PHOENIX—Instructional league and the Arizona Fall League already make the Phoenix area a baseball hotbed every fall.
There’s another league in town this fall as the Advanced Instructional League (alternately referred to as the Parallel League) kicked off its 14-game season on September 24. It’s a one-year experiment intended to provide additional work for players who normally might have been slated to participate in the now defunct Hawaiian Winter League.
There had been talk by Major League Baseball of launching a “Junior Fall League” to replace the league in Hawaii, using several of the newer stadiums located on the west side of Phoenix. But that league didn’t come to fruition this year, leaving organizations with no place to send their prospects more advanced than the normal instructional leaguer but not yet ready for the AFL or one of the Caribbean winter leagues.
J.J. Picollo, Kansas City’s assistant general manager in charge of Scouting and Player Development, pitched the concept of Advanced Instructional League (AIL) to other farm directors. The eight organizations that share four of the west-side complexes in Arizona—Reds and Indians, White Sox and Dodgers, Royals and Rangers, and Mariners and Padres—all agreed to be part of the first iteration of the league, with four teams being formed in a co-op environment.
“We jumped on board because we thought it was beneficial, especially with the Hawaiian Winter League being non-existent this year,” Dodgers farm director De Jon Watson said. “It was an opportunity to get some of our advanced kids another few at-bats and a few more innings . . . a chance to end up against better competition that they may not have seen over the course of the summer.”
“We want a place for our kids to continue their development, so this provides us the opportunity to have our core instructors with them during this co-op type of situation. It really works out great for us from a development standpoint.”
While instructional league rosters consist primarily of recent draft picks and newly-signed Latin teenagers, the AIL is populated more with players who already have reached high Class A, or advanced college players getting their first taste of pro ball.
The teams have earmarked certain players to participate in the league, although rosters are somewhat fluid with players going back and forth from regular instructs as needed.
Among the players appearing in the first days of the Advanced league were righthander Brad Boxberger (Reds, supplemental first-round pick in 2009); outfielder Engel Beltre (Rangers); catcher Josh Phegley (White Sox, supplemental first round), infielder Johnny Giavotella (Royals); and outfielder Scott Van Slyke (Dodgers).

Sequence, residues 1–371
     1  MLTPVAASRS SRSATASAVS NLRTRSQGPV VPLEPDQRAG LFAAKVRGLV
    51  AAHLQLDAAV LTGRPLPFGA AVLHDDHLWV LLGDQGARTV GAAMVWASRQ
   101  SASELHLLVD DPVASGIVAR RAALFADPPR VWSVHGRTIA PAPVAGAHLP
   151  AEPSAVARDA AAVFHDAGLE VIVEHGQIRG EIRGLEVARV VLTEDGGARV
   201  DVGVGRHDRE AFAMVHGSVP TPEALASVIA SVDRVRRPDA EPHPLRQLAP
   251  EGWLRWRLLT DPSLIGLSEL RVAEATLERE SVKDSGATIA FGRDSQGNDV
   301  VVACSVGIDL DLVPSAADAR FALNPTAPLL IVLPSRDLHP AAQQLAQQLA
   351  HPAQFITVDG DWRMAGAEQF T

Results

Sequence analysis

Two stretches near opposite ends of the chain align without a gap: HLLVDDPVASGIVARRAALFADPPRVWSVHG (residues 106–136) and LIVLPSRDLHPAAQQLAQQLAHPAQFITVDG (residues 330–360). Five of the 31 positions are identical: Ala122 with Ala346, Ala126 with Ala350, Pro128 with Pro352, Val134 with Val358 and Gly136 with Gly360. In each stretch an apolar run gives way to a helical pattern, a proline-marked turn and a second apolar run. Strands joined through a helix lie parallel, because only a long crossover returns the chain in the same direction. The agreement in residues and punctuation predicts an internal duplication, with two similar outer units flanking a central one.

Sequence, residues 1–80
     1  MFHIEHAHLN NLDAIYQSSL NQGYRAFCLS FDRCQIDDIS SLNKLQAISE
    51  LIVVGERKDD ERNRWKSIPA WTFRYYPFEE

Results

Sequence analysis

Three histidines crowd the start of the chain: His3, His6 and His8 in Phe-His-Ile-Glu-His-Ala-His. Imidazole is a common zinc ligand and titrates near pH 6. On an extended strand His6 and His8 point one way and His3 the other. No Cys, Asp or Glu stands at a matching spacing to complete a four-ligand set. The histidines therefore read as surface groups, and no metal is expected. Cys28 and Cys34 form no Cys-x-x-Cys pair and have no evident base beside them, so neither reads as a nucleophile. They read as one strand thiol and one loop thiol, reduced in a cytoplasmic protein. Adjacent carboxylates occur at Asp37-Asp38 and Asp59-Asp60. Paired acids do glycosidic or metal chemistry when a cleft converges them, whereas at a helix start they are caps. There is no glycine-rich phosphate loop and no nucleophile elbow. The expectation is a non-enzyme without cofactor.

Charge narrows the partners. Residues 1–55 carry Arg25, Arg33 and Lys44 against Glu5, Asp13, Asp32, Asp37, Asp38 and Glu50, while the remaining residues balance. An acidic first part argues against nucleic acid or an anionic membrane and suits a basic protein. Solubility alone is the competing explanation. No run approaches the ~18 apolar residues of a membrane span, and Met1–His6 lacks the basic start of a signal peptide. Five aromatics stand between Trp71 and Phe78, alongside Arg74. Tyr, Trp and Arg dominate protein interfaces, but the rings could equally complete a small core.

“This benefits the in-between guy, maybe even the older player that needs to work on stuff,” said Reds manager Julio Garcia, co-managing the Goodyear complex team with Cleveland’s Aaron Holbert.
Dodgers manager Jeff Carter added, “A lot of these guys aren’t used to playing this much baseball, so it’s just enough to get a look without wearing them down.”
Dodgers outfielder Xavier Paul , who spent the last two seasons in Triple-A plus a few games in the big leagues, is an exception to the normal experience level in the AIL. Paul was also seeing time in the regular Instructional League.
“We’re trying to keep him sharp and get (him) some quality at-bats,” said Watson, “in case there’s a need at the major league level. If there’s a need for someone off the bench in the majors with some speed or an outfielder, he’ll be sharp enough to go up and contribute.”
The players also see the advantage of facing better competition than they normally would in instructional ieague.
“Hitting against better pitchers is better,” said Reds third base prospect Neftali Soto. “Here they’ve got a lot of experience and they know how to pitch better.” Soto also said that his participation will better prepare him for winter ball in his native Puerto Rico.
By the same token, the pitchers in the Advanced League are aware that they will gain from facing better hitters. “It gives you more feedback because it gives you time to face guys with a little more experience or ability,” said righthander Taylor Thompson, the White Sox’ 44th-round draft pick this year.
The players participating in the Advanced League are aware that they likely would have been targeted for the trip to Hawaii if that league hadn’t been discontinued.
“It would have been a lot nicer to be out there (in Hawaii),” said Reds infield prospect Alex Buchholz. “I guess you could say it’s a little more paradise over there.”
Thompson added, “That would have been something special . . . you usually only get to go to Hawaii on vacation, but if you get to go there for baseball that would be something real nice. But this is fine . . . you’ve got great weather and you’re around here playing baseball, so either way it’s a good experience.”
White Makes Pro Debut
GOODYEAR, Ariz.—Indians first-rounder Alex White, a righthander out of North Carolina, was expected to pitch in the Advanced League, but instead he pitched a scoreless inning against the Reds in regular instructs Saturday. It was White’s first time on the mound since he pitched for the Tar Heels in the College World Series in June.
“It felt great to finally get back out there,” said White. “I was just trying to make sure I hit my spots, get my pitch count in, trying to get my arm back in shape and make a few starts out here.”
White will be with the instructional league team until the Indians break camp on Oct. 16. He expects to get in four or five starts before shutting it down until spring training. It’s uncertain whether White’s future is in the rotation or the bullpen; he believes it’s still too early to worry about his ultimate spot.
“Right now I’m working as a starter,” he said, “but we left all options open. I want to be a starter but I’m going to do whatever they tell me to do and whatever’s going to make it easier for me.”